ESTATE OF McVE v. DEPARTMENT OF REVENUE FINANCE AND ADMINISTRATION CABINET

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Court of Appeals of Kentucky.

ESTATE OF Mildred L. McVE, Appellant v. DEPARTMENT OF REVENUE, FINANCE AND ADMINISTRATION CABINET, Commonwealth Of Kentucky, Appellee.

No. 2012–CA–000840–MR.

-- December 13, 2013

Before CAPERTON, CLAYTON, and TAYLOR, Judges. Lawrence R. Webster, Pikeville, KY, for Appellant. Bethany Atkins Rice, Frankfort, KY, for Appellee.

OPINION

The Estate of Mildred L. McVey appeals from the April 11, 2012 order of the Franklin Circuit Court concerning an inheritance tax assessment. First, the circuit court reversed the decision of the Kentucky Board of Tax Appeals (hereinafter “KBTA”) and reinstated the decision of the Department of Revenue, Finance and Administration Cabinet (hereinafter the “Department”) that had disallowed the deduction for inheritance taxes as a “cost of administration.” Further, the circuit court reversed the KBTA's decision regarding the Department's adjustment to the bequests of certain beneficiaries, wherein the Department had added the value of the estate's payment of inheritance taxes to the bequests.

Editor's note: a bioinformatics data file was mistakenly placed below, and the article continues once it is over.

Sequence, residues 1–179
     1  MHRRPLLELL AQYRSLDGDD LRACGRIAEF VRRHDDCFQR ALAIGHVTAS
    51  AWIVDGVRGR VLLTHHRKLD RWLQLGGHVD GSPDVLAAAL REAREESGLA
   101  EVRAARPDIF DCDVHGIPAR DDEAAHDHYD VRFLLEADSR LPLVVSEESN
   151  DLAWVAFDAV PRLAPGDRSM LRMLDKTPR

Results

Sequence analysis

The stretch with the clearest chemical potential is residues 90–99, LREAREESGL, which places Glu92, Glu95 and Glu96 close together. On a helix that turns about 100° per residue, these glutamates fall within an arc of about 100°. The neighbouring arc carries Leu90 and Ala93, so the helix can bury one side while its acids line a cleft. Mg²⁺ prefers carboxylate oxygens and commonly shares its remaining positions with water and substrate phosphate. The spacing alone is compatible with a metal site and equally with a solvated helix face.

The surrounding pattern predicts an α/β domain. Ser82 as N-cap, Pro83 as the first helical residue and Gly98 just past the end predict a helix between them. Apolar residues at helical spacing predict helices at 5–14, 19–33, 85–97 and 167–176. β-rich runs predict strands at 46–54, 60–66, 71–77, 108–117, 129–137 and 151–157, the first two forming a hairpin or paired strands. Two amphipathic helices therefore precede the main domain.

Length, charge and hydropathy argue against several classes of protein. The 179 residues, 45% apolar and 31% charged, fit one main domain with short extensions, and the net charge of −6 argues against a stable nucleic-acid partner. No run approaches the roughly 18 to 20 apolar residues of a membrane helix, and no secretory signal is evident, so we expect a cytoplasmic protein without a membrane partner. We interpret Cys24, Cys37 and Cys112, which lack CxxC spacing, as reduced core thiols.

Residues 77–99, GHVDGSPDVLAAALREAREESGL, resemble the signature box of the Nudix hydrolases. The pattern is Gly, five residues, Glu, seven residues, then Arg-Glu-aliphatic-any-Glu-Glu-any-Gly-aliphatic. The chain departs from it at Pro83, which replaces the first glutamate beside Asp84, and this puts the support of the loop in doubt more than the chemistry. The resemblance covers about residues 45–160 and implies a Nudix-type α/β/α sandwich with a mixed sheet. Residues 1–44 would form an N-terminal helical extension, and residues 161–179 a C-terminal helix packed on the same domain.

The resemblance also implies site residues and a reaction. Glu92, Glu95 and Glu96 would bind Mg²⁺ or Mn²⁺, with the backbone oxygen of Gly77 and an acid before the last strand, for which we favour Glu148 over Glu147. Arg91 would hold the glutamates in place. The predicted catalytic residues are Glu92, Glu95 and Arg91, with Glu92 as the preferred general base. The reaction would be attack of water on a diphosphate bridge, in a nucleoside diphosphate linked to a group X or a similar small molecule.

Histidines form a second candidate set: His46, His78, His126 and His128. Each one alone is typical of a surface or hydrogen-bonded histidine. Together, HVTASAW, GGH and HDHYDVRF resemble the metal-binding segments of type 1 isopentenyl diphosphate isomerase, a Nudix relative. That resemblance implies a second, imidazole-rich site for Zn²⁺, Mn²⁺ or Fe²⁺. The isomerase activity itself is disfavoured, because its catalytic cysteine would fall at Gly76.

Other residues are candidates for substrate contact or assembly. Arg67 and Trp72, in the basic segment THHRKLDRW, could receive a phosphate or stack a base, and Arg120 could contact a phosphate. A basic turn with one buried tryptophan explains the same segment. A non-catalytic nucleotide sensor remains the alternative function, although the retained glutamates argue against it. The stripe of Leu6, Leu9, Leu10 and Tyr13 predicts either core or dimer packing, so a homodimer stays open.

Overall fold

After careful consideration, we affirm the decision of the circuit court.

FACTUAL AND PROCEDURAL BACKGROUND

Mildred L. McVey died testate on January 23, 2007. Her will was probated in Pike County District Court. The facts of the case are not disputed. The inheritance tax assessment of her estate, however, is the subject matter of this appeal. The issues in the case devolve from an interpretation of statutes concerning Kentucky's inheritance and estate taxes found in Kentucky Revised Statutes (KRS) Chapter 140. In particular, the construction, application, and interpretation of KRS 140.010 and KRS 140.090 are in dispute.

The conflict revolves around the impact of the following language of the Will. Item I of Mrs. McVey's Last Will and Testament states: